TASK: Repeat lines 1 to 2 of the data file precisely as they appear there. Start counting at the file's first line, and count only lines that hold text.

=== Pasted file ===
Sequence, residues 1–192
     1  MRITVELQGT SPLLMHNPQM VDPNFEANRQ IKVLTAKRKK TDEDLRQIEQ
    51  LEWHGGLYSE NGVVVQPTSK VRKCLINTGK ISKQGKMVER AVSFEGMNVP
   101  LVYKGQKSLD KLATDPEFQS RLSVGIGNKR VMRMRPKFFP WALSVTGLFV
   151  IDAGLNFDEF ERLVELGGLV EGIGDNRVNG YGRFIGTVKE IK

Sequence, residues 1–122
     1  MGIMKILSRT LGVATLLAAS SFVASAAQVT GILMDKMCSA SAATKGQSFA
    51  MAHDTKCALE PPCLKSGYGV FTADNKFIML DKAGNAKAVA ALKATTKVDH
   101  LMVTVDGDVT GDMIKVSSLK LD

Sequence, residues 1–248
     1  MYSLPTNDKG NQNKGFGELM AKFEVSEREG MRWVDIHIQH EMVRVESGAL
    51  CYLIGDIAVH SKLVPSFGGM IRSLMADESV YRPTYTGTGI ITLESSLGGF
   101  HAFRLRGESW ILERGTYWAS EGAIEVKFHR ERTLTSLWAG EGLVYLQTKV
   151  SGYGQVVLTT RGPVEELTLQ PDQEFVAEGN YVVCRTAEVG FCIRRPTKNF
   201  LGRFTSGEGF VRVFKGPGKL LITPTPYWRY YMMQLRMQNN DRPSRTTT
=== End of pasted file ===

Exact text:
Sequence, residues 1–192
     1  MRITVELQGT SPLLMHNPQM VDPNFEANRQ IKVLTAKRKK TDEDLRQIEQ